The clarity and efficiency of ESM business practices are quite popular with people throughout an organization on both the provider and customer sides. For example, the 2019 HDI Trends Report found a 52% increase in employee satisfaction when organizations expanded their service management practices beyond IT. 

Enterprise service management takes the guesswork out of getting things done. A well-organized service desk makes it easy for customers to find what they need and get back to work. 

Supports continuous improvement across the organization 

The detailed analytics provided by a service desk generate valuable insights into all aspects of your organization. A key component of service management is constant improvement. These analytics provide the intelligence you need to determine the most effective updates you should make to your varied ESM services. 

ESM supports digital transformations 

Many organizations ask, “what is ESM?” because they’ve heard it supports digital transformation. They know they need to transform their operations, but they don’t know how to get started. Enterprise service management practices provide a solid foundation upon which you’ll be able to transform your business

ESM brings siloed teams together 

We’ve talked a great deal about the efficiencies you gain by streamlining and centralizing service requests in an ESM service desk. Now let’s look at an example: New employee onboarding. 

When your organization hires a new employee, your IT, HR, and other departments have a variety of tasks they’ll need to complete. Instead of having a supervisor go back and forth to different departments submitting various requests, you can have them submit a single “onboard new employee” request in your service desk. Behind the scenes, the service desk kicks off account requests to IT, a new laptop request, benefits enrollment requests to HR, an ID badge request to security, and whatever else you need. Each task is tracked and automated among the various teams involved through the service desk, minimizing the chance of human error derailing an important process.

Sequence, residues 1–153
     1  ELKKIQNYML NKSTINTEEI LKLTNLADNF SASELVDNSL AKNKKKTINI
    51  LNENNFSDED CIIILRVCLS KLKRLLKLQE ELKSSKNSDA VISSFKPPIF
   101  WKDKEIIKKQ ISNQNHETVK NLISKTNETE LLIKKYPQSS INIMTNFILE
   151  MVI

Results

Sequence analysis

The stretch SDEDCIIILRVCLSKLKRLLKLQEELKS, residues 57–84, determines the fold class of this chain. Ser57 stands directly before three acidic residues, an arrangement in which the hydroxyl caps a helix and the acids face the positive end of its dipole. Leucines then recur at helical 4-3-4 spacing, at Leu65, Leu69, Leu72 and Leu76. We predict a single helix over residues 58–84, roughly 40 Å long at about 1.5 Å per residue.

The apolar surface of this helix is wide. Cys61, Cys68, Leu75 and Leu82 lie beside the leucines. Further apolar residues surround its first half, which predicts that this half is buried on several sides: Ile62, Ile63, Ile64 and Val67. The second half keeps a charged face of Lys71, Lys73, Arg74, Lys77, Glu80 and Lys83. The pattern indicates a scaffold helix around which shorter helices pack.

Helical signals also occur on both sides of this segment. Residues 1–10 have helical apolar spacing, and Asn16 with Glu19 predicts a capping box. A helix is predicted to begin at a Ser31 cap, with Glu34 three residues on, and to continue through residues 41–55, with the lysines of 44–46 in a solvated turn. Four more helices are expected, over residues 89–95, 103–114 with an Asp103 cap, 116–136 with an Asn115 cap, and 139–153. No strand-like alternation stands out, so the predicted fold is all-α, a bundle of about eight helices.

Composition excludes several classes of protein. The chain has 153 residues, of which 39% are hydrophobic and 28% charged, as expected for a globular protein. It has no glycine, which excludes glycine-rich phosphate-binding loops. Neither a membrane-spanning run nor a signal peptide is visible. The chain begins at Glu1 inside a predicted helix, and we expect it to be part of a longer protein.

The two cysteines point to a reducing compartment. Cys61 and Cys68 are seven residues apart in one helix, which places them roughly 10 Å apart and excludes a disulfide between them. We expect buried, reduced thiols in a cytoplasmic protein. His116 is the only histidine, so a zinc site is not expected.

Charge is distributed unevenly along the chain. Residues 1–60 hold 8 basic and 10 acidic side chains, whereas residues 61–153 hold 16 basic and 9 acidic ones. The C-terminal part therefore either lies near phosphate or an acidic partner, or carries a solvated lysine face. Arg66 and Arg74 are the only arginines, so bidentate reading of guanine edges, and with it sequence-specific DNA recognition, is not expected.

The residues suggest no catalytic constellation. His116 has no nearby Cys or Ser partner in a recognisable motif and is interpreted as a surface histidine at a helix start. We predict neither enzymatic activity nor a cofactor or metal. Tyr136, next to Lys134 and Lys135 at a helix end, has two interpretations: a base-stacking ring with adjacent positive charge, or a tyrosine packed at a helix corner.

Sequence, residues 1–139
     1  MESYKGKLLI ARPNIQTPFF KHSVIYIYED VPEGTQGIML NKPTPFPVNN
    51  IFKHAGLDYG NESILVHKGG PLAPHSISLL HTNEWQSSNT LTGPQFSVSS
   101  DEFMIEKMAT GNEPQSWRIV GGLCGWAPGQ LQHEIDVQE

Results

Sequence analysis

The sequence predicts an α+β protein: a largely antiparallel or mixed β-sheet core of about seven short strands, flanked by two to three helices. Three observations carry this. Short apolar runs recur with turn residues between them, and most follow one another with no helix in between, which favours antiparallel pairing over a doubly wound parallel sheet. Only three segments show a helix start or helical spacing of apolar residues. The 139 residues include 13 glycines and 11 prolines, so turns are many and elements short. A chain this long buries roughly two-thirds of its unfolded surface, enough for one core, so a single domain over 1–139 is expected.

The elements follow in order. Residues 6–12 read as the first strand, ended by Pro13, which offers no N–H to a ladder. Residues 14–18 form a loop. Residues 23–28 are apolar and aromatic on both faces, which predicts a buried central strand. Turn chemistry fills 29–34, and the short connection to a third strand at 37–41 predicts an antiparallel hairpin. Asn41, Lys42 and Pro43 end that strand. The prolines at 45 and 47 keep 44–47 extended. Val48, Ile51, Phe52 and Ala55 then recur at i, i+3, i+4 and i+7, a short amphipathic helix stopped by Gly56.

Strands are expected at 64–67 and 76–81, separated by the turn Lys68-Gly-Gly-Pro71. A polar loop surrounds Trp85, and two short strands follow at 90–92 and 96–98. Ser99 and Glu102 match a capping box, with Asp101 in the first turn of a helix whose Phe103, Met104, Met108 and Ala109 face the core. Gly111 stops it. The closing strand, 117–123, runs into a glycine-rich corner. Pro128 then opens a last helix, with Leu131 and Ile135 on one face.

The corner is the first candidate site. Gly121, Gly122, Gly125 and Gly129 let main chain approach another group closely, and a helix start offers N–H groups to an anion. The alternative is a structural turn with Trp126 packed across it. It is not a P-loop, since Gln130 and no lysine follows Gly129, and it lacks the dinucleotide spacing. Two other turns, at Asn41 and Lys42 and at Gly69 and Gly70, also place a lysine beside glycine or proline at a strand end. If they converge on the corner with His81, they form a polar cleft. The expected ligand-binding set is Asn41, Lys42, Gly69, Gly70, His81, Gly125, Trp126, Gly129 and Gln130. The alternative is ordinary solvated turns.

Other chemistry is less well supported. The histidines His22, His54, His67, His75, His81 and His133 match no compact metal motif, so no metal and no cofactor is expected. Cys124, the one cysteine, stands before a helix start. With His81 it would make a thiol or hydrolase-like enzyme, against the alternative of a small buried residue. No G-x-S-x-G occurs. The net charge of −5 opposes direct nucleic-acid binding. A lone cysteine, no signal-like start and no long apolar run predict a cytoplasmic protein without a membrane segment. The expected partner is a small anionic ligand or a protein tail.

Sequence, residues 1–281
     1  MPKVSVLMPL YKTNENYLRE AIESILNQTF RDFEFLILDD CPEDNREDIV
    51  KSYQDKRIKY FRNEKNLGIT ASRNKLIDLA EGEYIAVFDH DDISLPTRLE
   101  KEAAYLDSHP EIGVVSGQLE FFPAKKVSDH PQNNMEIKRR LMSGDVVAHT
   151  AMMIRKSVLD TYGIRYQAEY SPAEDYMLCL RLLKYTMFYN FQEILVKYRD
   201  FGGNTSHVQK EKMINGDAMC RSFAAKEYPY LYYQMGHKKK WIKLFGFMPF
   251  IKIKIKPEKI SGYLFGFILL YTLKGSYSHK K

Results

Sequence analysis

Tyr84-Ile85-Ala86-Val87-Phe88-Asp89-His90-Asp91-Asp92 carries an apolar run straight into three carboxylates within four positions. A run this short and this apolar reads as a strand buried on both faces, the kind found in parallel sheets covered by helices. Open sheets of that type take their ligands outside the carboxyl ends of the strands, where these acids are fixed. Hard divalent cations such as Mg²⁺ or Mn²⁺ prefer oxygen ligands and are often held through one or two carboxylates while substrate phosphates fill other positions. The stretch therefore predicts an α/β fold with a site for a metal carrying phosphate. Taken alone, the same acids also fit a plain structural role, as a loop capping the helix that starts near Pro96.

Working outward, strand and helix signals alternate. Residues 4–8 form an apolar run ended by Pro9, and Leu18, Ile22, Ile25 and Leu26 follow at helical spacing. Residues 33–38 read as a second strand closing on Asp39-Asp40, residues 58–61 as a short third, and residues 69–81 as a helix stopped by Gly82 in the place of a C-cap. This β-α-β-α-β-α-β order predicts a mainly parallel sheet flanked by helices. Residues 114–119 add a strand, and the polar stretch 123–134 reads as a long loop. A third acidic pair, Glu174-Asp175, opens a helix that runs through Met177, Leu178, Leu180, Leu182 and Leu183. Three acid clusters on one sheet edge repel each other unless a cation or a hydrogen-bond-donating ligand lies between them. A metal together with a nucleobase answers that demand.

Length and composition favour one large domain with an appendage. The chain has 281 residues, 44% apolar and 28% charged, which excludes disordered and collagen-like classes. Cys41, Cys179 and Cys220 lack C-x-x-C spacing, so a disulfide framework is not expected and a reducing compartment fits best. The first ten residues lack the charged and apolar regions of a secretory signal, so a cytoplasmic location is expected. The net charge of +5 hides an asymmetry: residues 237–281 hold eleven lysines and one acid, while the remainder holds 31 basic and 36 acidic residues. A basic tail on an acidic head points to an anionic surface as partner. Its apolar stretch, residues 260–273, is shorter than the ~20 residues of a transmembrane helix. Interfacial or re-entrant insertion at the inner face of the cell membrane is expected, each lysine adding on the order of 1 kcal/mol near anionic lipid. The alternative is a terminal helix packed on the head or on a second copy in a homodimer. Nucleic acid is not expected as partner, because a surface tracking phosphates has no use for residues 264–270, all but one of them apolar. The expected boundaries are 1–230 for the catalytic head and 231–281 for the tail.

Cross-team automation streamlines work

When you convert work into service requests, as in that new employee onboarding example, you create workflows that can be fully automated. If the service desk manages those requests end-to-end, the entire process is more streamlined and efficient. It doesn’t matter that the workflow straddles three or more teams. Everyone involved gets the information and actionable items exactly when they need them. 

Better oversight and auditing

Service desks provide powerful tracking capabilities that help you clean up loose ends before they become liabilities. For example, if you use your ESM service desk to manage ID access badge requests, you can ensure every badge makes its way back into your organization. And, for example, a brief service desk report you run every Friday for the head of security can reveal which temporary employees are due to leave, so they know who to collect sensitive access badges from. 


ESM is the future of business 

So what is ESM? The principles of Enterprise Service Management are the principles that transformed and successful businesses of tomorrow will follow. 

ESM standardizes, structures, and improves how your organization works. It makes roles, responsibilities, and complex processes easier to understand. That, in turn, makes strategic decision-making easier and better. But you don’t need to be an ITSM expert to get started with ESM or a new service desk.